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The Battle for Social Security: From FDR's Vision to Bush's Gamble Excerpt from The Battle for Social Security: From FDR's Vision to Bush's Gamble

by Nancy J. Altman



Breaking ranks with every former president, Republican and Democratic alike, President George W. Bush is engaged in a high-profile campaign to undo Social Security. He hopes to accomplish what has eluded his ideological brethren who fought for similar ends over the last 70 years. Like Representative Carl Curtis in the late 1940s and early 1950s, Bush seeks to curtail the benefits of all but the lowest-paid workers, so that all beneficiaries would receive meager, basically flat benefits, largely unrelated to earnings. Like the president's ideological predecessors in the 1930s and 1940s, he wants all but the poorest workers to be primarily on their own -- this time with the added twist of individual private investment accounts. His revisions would fundamentally alter the philosophy that underlies Social Security, a philosophy that has guided the program's policy makers throughout its history and kept it strong.

Perhaps having learned from the past, President Bush has cleverly avoided attacking Social Security on ideological grounds. Rather, he has endeavored to sell the reduction in benefits as a reform that is progressive because it spares the benefits of the lowest-wage workers. He holds out the hope of large gains with his talk of individual investment in the stock market. He even praises Franklin Roosevelt, the person Bush once called a "socialist," for his creation of Social Security. Instead of a frontal assault on the ideology of the program, President Bush seeks to convince Americans that Social Security is outmoded and unsustainable.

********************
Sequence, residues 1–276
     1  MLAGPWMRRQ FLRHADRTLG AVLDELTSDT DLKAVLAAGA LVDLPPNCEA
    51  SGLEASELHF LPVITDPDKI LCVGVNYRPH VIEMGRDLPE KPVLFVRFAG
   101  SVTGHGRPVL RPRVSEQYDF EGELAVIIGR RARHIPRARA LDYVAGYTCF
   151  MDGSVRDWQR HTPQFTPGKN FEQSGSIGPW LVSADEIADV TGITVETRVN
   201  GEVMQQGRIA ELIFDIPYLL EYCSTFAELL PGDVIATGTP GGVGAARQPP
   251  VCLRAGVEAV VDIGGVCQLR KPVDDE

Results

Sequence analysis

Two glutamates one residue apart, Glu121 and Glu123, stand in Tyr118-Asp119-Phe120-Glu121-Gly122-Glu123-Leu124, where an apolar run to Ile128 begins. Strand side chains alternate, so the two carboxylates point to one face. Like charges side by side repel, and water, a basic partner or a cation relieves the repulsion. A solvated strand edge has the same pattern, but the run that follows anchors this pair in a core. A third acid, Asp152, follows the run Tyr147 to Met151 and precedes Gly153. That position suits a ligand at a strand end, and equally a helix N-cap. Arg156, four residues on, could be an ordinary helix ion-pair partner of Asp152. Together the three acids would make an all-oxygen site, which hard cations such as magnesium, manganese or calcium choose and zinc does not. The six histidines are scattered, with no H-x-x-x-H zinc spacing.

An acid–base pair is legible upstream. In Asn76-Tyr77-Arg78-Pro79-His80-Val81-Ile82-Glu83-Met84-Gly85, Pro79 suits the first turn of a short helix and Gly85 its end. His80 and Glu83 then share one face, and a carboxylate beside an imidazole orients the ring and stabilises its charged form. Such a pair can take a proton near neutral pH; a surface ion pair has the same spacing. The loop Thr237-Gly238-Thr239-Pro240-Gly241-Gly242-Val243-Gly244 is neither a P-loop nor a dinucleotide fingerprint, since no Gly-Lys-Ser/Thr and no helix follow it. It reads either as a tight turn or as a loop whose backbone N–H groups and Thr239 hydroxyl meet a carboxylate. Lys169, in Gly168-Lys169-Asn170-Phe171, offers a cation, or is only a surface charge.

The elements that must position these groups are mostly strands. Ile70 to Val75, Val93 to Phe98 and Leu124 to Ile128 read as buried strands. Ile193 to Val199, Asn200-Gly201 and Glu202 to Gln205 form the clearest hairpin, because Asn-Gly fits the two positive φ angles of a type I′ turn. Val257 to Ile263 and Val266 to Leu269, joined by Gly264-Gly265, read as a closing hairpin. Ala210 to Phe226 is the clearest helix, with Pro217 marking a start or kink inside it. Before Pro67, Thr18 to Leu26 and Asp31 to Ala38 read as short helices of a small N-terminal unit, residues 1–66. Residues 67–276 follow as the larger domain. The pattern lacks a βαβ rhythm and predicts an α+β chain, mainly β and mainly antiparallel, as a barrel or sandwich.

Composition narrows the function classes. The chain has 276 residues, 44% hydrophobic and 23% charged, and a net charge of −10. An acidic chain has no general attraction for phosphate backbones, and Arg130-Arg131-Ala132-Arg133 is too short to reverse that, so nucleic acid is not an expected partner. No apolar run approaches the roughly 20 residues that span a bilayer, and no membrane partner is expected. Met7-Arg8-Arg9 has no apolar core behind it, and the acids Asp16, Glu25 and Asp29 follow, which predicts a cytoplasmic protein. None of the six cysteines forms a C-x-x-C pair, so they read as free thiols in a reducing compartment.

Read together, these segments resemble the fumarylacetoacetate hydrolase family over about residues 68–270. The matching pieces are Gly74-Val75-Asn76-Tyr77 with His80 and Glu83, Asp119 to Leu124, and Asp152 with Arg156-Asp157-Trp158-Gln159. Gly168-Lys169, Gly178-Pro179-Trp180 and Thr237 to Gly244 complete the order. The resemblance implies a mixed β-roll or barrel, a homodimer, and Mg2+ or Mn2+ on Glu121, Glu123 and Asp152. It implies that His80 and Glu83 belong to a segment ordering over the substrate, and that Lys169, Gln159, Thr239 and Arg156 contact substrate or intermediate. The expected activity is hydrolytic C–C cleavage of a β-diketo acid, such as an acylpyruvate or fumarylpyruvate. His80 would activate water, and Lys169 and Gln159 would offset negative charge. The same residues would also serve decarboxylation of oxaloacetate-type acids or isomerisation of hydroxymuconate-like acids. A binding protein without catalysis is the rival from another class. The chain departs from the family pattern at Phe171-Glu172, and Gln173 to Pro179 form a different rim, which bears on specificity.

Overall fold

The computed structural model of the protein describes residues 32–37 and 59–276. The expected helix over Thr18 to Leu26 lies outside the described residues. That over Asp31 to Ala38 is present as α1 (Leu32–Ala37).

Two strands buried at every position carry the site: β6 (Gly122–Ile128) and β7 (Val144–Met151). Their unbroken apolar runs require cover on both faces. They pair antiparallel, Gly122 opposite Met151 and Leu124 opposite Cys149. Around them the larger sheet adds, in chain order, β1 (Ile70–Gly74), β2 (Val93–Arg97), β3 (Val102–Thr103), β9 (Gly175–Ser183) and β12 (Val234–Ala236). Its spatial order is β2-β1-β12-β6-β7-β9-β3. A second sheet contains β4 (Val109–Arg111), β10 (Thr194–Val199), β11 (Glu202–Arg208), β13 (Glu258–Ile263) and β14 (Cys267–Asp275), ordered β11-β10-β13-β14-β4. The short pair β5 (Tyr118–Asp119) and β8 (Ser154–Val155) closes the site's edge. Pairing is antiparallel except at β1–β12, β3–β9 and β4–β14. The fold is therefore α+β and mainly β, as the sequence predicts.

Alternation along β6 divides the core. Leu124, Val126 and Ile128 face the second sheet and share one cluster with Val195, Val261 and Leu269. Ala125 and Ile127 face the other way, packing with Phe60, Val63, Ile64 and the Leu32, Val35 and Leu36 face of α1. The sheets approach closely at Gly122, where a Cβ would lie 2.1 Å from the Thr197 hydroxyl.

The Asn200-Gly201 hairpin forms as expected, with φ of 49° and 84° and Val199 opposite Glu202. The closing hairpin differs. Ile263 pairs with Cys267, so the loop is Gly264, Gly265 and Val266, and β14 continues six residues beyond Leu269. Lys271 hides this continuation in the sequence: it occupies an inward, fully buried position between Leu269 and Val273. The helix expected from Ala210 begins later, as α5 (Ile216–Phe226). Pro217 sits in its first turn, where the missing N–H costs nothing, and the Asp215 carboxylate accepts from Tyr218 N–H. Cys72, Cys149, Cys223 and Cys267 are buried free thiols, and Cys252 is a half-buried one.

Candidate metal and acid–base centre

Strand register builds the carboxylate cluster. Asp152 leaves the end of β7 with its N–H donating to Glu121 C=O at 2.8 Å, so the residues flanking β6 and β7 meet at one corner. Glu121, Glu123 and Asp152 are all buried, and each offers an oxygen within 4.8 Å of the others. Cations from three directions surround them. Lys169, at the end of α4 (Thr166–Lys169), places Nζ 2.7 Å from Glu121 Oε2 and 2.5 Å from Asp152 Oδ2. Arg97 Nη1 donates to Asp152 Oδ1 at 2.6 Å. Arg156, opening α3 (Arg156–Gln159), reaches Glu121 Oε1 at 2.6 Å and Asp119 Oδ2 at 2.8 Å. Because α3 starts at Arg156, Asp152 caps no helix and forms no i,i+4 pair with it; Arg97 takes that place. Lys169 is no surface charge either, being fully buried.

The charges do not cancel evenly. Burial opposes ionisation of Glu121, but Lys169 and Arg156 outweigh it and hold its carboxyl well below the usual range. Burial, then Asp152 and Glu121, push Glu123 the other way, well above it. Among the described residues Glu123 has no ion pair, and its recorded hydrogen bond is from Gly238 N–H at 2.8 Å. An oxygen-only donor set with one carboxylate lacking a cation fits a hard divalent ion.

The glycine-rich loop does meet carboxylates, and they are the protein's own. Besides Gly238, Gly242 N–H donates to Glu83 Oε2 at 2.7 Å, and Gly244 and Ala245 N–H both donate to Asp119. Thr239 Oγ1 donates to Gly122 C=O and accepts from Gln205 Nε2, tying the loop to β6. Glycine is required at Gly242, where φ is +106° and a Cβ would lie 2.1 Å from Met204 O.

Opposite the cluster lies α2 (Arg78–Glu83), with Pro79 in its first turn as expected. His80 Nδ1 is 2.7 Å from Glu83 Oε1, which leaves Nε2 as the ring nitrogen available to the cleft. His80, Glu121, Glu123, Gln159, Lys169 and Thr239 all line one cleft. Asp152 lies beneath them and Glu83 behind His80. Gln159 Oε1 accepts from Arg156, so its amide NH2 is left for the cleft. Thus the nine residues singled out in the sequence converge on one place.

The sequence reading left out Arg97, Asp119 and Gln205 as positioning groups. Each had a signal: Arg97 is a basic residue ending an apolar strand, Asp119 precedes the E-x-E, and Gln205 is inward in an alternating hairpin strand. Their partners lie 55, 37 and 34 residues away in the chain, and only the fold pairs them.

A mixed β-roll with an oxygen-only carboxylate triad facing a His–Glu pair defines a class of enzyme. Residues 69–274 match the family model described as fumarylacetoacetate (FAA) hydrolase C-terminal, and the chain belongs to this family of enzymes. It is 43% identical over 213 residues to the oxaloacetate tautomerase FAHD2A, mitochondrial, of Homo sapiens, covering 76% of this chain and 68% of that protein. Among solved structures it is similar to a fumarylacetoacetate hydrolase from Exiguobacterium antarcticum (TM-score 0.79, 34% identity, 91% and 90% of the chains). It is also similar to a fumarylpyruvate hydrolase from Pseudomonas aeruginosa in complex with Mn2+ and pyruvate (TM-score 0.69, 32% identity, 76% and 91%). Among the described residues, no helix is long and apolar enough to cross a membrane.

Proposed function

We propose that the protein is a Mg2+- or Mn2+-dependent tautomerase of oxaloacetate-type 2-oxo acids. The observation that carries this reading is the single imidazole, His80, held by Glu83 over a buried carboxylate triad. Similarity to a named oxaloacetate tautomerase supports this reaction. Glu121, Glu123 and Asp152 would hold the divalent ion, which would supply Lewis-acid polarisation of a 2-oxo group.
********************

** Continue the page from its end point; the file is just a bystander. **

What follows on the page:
While President Bush will most likely fall in his quest to restructure Social Security, he and the Leninist strategists who support him have already succeeded in undermining a fundamental benefit that Social Security is intended to provide: security. President Roosevelt envisioned much more than a program that would keep people out of poverty, or even one that provided wage replacement up and down the income scale when work was no longer possible. Roosevelt wanted beneficiaries of the program -- virtually every man, woman, and child in the United States -- to have the confidence and peace of mind that they would be financially secure at retirement and in the event of lost wages due to tragedy.

President Bush has toured the country delivering the subversive and erroneous message that Social Security is designed for the last century and unworkable for an aging population. The increased average life expectancy of Americans is one of the greatest accomplishments of human ingenuity and modern science. Yet President Bush and others seeking to shake confidence in Social Security refer to the increasing longevity of Americans as if it were an unwelcome burden.

The president's erroneous refrain that Social Security will be "bust" and "flat broke" has gone a long way in elevating anxiety and fear about the future of the program. A New York Times/CBS News Poll conducted June 10 to 15, 2005, found, "Fifty-one percent of respondents said they did not think Social Security would have the money to pay the benefits they expect when they retire." A whopping 70 percent of those under age 45 held that belief.

Klaus Meyer, who lost a part of his private pension when his employer declared bankruptcy, captured the concern of many of his fellow Americans when he said, "[P]art of the retirement [benefit] I was promised . . . is gone. And now my Social Security is at risk. Where does it all end? You feel brutalized by the system." Meyer's concern about Social Security is a product of the Leninist strategy; if Americans cannot count on Social Security, perhaps they can be convinced to gamble on their future security with the president's private accounts.